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Dr. Bass addresses ‘loose talk’ about impeachment

Dr. Patrick Bass

Dr. Patrick Bass

by Christina Vazquez–Impeachment in America has, historically, not been about actually removing someone from office, but rather to send a message.  History professor Dr. Patrick Bass delivered a lecture Tuesday (10.24) about the historical precedents impeachment has in America.

“Loose talk does not equal real action,” Dr. Bass told a crowd of about 40, made up of mingled students, faculty, and community members.  He went on to tell several stories of impeachment—or rather, almost impeachment, as only in one of the cases he spoke about was the indicted actually removed from office.  The majority of the time, when impeachment is attempted, it is more of a power play than anything else.

The sheer number of conditions needed to be met to remove a high-ranking official from office are immense.  On paper the conditions are great enough, but in practicality, when no politician wants to vote him or herself out of a job, they become even more strict.  According to Bass, these conditions include: an indictable offense for a crime that has constitutional ramifications, a divided government, popular public support for the person’s removal from office, and a viable replacement for the individual.

“The institutional barriers to the removal of the president are so immense,” Bass says, “I can’t see it ever happening.”  But why is there so much talk about impeachment when it is so unlikely to happen?  The answer comes down to political parties.  It is hard to craft a political group to be entirely for something, but it is easy to find a common cause that they are against.  Talk of impeachment stirs up the proponents of the party crying out for it, and as Bass says, “all that really matters is making sure the base stays in line.”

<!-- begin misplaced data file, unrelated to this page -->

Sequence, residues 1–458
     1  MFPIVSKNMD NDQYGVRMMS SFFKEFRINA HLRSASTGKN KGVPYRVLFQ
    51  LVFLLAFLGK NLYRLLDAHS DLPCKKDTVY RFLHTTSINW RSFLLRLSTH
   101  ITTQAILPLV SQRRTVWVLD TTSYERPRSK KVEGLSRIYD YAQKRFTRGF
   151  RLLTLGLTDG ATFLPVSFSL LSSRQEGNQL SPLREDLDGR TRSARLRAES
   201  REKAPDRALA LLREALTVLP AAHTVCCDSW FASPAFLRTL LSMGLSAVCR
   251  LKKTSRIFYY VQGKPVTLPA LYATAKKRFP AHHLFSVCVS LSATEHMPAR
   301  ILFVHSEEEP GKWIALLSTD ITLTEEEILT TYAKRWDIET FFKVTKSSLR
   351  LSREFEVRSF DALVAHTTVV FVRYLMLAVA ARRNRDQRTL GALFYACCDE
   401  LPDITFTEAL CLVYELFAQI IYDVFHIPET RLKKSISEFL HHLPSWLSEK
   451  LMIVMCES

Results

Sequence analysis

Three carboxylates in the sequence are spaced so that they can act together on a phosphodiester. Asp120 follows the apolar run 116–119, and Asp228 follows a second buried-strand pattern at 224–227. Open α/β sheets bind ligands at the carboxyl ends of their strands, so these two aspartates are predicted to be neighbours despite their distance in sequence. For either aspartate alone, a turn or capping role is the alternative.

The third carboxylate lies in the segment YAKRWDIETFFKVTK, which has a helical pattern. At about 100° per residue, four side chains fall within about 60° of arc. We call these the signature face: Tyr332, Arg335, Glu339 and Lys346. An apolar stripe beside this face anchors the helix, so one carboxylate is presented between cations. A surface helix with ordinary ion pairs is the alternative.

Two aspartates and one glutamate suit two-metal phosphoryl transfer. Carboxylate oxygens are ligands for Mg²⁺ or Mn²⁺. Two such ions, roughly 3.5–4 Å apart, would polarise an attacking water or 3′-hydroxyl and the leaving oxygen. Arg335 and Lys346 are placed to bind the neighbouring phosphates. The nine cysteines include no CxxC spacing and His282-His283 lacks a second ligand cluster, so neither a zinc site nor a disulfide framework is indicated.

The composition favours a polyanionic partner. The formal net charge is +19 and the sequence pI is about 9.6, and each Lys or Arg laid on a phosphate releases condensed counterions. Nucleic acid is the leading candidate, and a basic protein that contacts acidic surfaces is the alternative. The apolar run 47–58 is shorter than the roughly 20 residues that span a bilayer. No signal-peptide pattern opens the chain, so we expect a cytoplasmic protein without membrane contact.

“The Historical Background to Impeachment: Presidential and Judicial Precedents” was presented by the Col. Bud Day Center for Civic Engagement in conjunction with the Morningside College History Department.  The director of the Center, Dr. Valerie Hennings, says that as the event series is in collaboration with the History Department, History faculty are often asked to present, and that “the faculty choose their own topic.”  Bass says he chose his topic precisely because there is so much loose talk about impeachment, and he wished to address it.

Among the crowd of attendees was second-year History major Jordan Yawn.  Like many students, she received extra credit for attending, but “I was planning on coming anyway,” says Yawn.  “I like learning and absorbing knowledge.”  She said she was glad to learn more about the impeachment in America, being deeply interested in history and the interweaving storylines it creates.